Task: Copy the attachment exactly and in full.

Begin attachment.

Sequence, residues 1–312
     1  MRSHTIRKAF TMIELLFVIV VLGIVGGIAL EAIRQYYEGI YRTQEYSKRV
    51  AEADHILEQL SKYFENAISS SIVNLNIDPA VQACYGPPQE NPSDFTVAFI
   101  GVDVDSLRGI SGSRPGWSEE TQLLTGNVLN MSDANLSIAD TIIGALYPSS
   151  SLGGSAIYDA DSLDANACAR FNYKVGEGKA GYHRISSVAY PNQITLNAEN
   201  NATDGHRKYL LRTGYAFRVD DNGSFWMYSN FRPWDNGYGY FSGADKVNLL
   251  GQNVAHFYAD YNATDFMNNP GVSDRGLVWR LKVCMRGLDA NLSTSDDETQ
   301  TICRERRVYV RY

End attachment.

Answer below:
Sequence, residues 1–312
     1  MRSHTIRKAF TMIELLFVIV VLGIVGGIAL EAIRQYYEGI YRTQEYSKRV
    51  AEADHILEQL SKYFENAISS SIVNLNIDPA VQACYGPPQE NPSDFTVAFI
   101  GVDVDSLRGI SGSRPGWSEE TQLLTGNVLN MSDANLSIAD TIIGALYPSS
   151  SLGGSAIYDA DSLDANACAR FNYKVGEGKA GYHRISSVAY PNQITLNAEN
   201  NATDGHRKYL LRTGYAFRVD DNGSFWMYSN FRPWDNGYGY FSGADKVNLL
   251  GQNVAHFYAD YNATDFMNNP GVSDRGLVWR LKVCMRGLDA NLSTSDDETQ
   301  TICRERRVYV RY